Dear friends in Christ
As June 29 is Father Mead’s final Sunday with us, I want to begin by giving a woefully inadequate voice to my deep thanks for his trust in me and his vision for Saint Thomas that led him to call me as our parish’s “theologian-in-residence.” Who would have thought that we’d have so many classes on topics like Aquinas on angels or on books like the Iliad and stories by O’Connor and Sayers (and so much more)! Dear Father Mead, I am very glad that you think of yourself as a teacher and catechist, and that you have shared this ministry with me.
This week, the 2 Corinthians study will start at 9:6 where Paul gives some general teaching on generosity. I offer this Bible study twice: on Sunday at 10am on the 5th floor of the Parish House, and again on Thursday at 12:40pm on the 2nd floor.
In just a few weeks we will finally arrive at the first seminar on the Divine Comedy. On Monday, July 21, I will lead a discussion of cantos 1-17 of the Inferno. The main preparation is to do the reading of the text. It is not necessary to read any commentaries, and it is necessary to avoid getting bogged down in notes. Notes can be helpful, but they need to stay in their place. The main object of our attention will be the words that Dante wrote.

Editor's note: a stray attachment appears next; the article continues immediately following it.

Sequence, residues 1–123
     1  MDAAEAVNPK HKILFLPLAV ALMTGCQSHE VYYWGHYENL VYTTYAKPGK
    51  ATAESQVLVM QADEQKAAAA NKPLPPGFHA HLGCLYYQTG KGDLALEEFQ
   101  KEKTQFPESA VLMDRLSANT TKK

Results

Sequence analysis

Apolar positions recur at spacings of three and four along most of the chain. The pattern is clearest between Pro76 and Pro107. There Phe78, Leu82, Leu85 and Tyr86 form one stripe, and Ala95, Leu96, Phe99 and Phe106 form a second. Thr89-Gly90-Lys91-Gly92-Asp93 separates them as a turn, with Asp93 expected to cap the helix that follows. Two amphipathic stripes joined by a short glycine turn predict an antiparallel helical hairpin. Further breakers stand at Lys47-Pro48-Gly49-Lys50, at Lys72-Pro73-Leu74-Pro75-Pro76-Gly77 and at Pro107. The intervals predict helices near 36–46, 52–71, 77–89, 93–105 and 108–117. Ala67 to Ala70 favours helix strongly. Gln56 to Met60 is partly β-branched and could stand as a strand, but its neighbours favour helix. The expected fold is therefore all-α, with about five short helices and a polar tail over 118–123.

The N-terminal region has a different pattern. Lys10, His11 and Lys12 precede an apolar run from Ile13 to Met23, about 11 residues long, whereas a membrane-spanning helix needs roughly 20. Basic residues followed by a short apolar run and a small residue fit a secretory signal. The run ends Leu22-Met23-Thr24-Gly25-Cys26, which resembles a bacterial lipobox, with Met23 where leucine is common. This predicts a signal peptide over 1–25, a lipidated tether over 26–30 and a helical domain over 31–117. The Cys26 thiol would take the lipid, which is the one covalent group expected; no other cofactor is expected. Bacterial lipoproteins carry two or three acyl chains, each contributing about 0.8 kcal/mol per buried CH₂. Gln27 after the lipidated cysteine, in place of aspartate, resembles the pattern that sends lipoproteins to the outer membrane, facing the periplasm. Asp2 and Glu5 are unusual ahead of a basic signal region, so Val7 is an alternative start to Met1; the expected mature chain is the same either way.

Feel free to read any translation. I have learned that the Hollander translation is available on-line (a separate webpage for each canto) at Princeton’s Dante Project. You can poke around on that website and find a lot of other neat stuff. But remember: the most important words are those of the poet.
(Which reminds me of one of the Purnellisms that Father Mead likes to quote, with reference to the Bible: It’s amazing what light the text sheds on the commentaries!)
The Dante seminar schedule has been slightly changed. We will meet on the 3rd Monday of each month from July through December except for October, when we will meet on the first Monday, October 6. If you have noted all the dates in your calendar already, please make a note of this change.
June 26 was the 29th anniversary of my ordination as a deacon, an event that occurred at St. John’s Cathedral in Albuquerque in 1985. I’m glad to be a deacon, which of course I remain even though I have been also ordained a priest. Deacons are servants, and they remind the whole body of Christ that we all are to be God’s servants. And deacons are also proclaimers of the Gospel. This is a good opportunity for me, once again, to ask for your prayers.